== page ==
Madison: A possible misconception could be around engagement surveying and that it’s the answer to solving engagement issues. However, with most HR initiatives that are not successful, if there isn’t buy-in from the top and managers, clear communication on the importance, and follow up and actions taken as a result, just the act of surveying is not going to be effective. Some steps we take to support this process include short surveys quarterly and a long-form survey annually to reduce survey fatigue, clearly communicating the importance of this feedback, sharing the results and leading discussions in areas of interest at the company and team level, setting actionable goals for the upcoming quarter and year, and sharing our progress on these goals over time.


Q: Is there anything else you would like to tell our audience?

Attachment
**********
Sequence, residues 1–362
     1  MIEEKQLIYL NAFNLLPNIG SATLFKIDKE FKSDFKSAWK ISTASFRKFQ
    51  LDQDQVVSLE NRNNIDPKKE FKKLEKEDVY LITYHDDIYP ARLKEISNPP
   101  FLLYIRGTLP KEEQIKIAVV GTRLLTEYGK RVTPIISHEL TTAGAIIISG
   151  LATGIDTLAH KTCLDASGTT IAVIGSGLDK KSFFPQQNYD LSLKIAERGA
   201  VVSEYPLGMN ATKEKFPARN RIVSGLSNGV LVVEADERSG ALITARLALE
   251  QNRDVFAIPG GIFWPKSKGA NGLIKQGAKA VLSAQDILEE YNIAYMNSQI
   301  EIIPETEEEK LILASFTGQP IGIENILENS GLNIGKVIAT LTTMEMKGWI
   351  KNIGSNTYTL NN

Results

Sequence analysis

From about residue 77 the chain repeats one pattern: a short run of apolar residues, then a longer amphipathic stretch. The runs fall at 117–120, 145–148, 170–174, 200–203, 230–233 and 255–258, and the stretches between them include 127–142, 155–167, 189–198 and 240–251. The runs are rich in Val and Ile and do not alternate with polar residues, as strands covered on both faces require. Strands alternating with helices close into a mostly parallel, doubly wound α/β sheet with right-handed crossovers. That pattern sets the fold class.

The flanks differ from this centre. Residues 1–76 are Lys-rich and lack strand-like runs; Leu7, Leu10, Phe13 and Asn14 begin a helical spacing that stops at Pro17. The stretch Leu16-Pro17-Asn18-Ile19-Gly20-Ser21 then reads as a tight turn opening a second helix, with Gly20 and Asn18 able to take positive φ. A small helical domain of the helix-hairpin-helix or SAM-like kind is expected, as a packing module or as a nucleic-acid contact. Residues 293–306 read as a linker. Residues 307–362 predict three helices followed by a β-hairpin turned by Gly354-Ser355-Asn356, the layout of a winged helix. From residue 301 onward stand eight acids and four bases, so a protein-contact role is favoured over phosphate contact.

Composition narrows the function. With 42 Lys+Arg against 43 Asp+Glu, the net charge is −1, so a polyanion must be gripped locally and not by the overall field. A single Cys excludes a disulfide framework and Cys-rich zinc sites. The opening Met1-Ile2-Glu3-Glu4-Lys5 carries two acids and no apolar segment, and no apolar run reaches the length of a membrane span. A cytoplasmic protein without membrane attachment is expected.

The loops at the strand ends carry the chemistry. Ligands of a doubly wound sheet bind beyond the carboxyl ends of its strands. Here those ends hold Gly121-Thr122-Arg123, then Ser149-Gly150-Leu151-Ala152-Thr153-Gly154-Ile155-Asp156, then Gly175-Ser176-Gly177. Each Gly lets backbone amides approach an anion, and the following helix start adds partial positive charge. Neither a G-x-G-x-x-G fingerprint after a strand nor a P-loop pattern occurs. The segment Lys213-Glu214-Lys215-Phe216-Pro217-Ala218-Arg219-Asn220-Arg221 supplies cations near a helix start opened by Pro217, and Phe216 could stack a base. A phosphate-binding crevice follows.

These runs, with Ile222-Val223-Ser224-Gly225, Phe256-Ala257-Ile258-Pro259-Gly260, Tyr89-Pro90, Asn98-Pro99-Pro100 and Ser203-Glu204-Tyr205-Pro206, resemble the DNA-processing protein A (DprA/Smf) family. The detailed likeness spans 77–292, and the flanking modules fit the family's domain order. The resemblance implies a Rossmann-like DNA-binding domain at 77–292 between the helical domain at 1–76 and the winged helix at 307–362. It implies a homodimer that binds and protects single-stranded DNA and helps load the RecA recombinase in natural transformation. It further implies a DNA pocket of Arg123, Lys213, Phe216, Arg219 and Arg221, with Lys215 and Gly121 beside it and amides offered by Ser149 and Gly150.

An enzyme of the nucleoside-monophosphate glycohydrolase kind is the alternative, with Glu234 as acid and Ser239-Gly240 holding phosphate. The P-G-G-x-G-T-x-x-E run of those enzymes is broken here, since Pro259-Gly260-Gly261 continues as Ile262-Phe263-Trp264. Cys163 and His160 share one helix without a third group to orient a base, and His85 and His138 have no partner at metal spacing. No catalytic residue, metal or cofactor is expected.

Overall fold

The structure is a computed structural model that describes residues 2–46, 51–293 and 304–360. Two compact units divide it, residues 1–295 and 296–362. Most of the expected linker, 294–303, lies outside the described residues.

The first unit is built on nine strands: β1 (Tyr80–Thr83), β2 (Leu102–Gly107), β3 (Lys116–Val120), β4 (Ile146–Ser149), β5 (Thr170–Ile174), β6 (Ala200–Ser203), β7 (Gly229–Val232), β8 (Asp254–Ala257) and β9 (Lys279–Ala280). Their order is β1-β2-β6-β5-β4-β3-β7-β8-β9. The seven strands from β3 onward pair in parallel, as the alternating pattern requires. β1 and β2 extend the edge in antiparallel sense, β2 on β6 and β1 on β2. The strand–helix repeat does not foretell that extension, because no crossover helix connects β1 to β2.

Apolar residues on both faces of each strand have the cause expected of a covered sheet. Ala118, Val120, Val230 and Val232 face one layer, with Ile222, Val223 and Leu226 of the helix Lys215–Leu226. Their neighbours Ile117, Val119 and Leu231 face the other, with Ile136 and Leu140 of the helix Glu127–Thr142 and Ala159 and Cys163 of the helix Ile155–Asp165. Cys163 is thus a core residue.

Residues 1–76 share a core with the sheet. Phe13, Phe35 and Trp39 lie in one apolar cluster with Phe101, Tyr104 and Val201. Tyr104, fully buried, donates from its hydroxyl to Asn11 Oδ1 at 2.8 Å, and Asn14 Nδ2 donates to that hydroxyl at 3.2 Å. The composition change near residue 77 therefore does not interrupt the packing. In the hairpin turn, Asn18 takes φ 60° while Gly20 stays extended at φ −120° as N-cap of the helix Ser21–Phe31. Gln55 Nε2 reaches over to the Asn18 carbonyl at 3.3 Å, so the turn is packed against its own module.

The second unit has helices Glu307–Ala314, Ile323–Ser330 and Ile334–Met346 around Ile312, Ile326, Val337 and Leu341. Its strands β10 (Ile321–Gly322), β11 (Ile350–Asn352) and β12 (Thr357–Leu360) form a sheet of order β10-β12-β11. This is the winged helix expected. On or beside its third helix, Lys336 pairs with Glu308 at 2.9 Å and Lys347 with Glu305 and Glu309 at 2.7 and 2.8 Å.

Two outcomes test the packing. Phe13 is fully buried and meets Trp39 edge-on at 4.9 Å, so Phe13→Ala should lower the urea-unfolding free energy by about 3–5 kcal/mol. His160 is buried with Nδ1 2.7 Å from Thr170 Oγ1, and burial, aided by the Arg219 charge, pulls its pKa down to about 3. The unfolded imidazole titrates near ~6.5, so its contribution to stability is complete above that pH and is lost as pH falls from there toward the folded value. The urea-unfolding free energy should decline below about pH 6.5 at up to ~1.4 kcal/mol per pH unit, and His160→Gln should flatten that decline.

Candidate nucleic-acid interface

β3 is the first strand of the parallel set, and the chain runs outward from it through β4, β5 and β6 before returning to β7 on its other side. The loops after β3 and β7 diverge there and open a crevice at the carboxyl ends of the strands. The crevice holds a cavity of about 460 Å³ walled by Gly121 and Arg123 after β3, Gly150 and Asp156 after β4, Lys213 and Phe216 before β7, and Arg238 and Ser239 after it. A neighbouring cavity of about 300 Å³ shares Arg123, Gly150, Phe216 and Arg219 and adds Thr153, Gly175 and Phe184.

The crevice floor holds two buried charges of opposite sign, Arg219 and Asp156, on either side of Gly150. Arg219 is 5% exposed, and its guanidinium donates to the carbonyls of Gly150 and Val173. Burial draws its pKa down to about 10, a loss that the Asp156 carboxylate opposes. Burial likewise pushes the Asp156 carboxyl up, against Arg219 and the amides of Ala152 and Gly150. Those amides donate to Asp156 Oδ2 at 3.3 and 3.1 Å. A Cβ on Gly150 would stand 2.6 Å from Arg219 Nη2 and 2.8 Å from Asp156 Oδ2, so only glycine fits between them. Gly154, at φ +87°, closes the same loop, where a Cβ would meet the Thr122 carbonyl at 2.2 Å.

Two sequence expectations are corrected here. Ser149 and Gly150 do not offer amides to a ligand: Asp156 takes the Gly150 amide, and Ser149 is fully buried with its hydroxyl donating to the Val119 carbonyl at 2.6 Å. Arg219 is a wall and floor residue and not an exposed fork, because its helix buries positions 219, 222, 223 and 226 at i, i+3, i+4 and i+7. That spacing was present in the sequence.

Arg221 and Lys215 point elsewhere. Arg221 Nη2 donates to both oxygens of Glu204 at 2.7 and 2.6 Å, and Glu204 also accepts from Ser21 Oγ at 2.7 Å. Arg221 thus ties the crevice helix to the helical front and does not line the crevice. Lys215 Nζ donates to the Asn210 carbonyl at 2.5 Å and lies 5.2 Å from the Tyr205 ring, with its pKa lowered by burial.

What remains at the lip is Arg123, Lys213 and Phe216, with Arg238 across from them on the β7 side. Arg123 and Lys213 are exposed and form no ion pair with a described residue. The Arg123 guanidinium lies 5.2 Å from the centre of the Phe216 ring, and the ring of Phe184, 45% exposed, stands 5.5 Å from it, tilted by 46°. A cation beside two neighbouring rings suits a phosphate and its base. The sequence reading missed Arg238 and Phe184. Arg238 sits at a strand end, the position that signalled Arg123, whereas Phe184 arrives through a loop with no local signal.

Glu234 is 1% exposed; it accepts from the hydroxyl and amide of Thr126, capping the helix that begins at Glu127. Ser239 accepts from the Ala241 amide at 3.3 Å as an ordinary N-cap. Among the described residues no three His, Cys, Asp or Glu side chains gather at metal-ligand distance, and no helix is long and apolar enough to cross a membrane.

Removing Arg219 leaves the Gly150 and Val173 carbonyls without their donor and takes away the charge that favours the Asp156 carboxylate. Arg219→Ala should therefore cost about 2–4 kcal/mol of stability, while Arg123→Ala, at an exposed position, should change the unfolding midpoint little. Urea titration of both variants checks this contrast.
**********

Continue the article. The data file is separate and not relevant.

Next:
Stephanie: It's okay to not be perfect, it's okay to stop, reflect and pause. The demands of society and being a version of yourself that you don't wholeheartedly believe in can be exhausting. Take that time to relax and to take care of your mental health. I am not perfect. I don't expect those around me to be perfect. A little bit of love and some cookies can go a very long way. Remember to appreciate the little things and to not sweat the little things.

Madison: Engagement is such an interesting area of HR and since I graduated last year, I’ve had the opportunity to work on a number of interesting related projects. As a recent grad, I’ve really enjoyed starting my career in a tech start-up environment where there’s an opportunity to assist with building programs from scratch and the flexibility to iterate on current initiatives. As a student, I was able to intern in three different industries where engagement was approached in different ways and I appreciated the opportunity to experience those perspectives. Therefore, I think it’s important to see which environment most closely aligns with your interests when considering where to start.


SFU HRSA UPDATES Bi-monthly magazine issues and bi-monthly podcast episodes are coming your way! Look out for the first episode of Season 2 of our podcast series, HR Secrets, coming out in October 2021!